The 2010 Academy Award-winning movie The Cove — which documented dolphin slaughter in Japan — included scenes of OSU researcher Scott Baker conducting DNA analysis covertly in his hotel room.
Tag: Scott Baker
On the Beach
The mothers of beached whale calves often were missing entirely from the beach, a study found.
“There was just a low fence around the tank, and you could literally reach over and throw the ring,” recalls Albertson, a Ph.D. student in Oregon State University’s Marine Mammal Institute. “She kept coming back to me. It was a neat connection. It really made an impact on me.”
A dolphin’s dorsal fin can be as distinctive as a human fingerprint. As the fin slices through the sea, its unique pattern of pigments, nicks and scars relays the animal’s personal story to observers on the surface. Often, scientists can use these markings to ID individual dolphins. But for some species, fin IDs are not precise enough. That’s why researchers like Oregon State University Ph.D. student Rebecca Hamner have turned to DNA.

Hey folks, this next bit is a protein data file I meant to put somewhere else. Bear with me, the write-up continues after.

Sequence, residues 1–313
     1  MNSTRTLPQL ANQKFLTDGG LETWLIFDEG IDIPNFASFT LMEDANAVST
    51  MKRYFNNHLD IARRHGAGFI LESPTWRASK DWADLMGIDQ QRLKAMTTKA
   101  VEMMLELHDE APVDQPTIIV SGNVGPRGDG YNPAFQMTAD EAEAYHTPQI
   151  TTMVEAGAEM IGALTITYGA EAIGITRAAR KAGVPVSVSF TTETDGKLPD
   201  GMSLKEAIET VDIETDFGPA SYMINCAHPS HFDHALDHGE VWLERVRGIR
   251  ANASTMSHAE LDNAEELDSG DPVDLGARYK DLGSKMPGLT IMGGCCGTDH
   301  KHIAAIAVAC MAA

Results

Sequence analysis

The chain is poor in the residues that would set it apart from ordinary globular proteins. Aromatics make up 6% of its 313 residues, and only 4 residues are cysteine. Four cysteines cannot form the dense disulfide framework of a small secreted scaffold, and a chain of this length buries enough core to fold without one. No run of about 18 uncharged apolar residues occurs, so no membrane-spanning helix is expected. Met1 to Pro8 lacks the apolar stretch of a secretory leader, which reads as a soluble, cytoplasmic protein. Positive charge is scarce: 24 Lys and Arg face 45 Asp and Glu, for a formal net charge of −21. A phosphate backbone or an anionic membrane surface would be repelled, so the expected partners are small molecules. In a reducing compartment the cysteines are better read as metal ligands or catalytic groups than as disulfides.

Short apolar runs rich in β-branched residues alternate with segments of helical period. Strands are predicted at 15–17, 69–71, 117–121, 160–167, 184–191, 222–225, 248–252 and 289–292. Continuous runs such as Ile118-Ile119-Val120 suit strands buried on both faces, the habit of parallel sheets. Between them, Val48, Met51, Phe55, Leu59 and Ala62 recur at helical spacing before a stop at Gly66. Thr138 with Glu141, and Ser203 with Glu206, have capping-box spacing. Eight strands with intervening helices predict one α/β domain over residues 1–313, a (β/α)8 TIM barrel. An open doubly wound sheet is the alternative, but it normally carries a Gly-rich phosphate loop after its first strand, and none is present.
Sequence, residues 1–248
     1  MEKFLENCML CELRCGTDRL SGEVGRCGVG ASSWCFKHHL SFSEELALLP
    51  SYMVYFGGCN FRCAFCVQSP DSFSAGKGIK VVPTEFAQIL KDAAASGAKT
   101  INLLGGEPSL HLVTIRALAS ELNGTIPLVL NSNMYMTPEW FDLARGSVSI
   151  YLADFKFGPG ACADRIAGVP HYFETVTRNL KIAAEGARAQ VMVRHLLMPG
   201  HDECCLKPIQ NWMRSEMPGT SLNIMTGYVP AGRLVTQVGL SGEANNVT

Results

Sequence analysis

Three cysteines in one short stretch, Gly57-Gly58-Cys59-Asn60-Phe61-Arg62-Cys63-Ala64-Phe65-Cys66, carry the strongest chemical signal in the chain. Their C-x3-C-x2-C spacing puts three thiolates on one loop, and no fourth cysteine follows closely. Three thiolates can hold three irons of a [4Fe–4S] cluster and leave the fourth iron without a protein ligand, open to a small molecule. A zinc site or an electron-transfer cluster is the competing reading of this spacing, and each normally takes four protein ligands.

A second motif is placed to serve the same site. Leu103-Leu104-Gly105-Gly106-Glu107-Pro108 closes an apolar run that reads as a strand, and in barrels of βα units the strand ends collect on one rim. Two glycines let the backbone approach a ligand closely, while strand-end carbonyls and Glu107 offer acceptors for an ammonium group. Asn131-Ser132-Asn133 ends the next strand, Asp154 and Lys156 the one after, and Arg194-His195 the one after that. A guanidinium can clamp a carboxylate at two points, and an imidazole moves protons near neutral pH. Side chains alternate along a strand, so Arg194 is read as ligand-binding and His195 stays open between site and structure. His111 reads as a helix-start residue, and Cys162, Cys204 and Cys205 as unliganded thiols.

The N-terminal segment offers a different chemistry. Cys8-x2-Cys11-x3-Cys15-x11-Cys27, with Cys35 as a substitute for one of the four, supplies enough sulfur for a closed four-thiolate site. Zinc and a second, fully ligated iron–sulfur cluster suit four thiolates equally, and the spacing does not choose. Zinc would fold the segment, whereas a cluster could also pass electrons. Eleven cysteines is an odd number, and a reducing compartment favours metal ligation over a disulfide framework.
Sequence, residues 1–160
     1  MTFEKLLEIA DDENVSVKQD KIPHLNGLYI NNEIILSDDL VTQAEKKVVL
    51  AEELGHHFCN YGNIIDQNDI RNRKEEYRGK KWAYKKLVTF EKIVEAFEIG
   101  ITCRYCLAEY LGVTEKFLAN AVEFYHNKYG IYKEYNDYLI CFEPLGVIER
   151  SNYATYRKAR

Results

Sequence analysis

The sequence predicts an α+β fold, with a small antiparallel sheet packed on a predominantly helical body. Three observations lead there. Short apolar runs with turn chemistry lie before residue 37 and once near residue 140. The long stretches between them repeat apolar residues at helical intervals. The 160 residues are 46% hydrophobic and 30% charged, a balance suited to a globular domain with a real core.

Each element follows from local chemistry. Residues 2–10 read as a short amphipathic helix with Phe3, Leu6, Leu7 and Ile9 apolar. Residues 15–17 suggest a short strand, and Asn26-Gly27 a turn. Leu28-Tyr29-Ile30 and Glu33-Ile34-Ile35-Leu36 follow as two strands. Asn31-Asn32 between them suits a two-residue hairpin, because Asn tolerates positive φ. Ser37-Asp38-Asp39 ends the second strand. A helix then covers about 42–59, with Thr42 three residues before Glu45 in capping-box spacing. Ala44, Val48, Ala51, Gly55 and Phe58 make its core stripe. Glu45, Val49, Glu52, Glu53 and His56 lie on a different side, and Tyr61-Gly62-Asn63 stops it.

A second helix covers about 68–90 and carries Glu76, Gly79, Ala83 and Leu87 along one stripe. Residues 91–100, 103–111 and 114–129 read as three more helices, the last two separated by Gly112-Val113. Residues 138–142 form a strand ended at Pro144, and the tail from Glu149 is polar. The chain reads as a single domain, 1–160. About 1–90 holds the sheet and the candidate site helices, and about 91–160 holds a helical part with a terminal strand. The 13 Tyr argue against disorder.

Scott Baker, an Oregon State University conservation geneticist and cetacean specialist whose work was featured in the Academy Award-winning documentary, “The Cove,” has been named one of four 2011 Pew Fellows in Marine Conservation.
In the seaside village of Taiji, Japan, there’s a jarring juxtaposition: Jolly-looking tour buses shaped like happy dolphins putter up and down the streets by day, while by night fishermen secretly slaughter hundreds of panic-stricken dolphins in a nearby inlet and sell them as meat.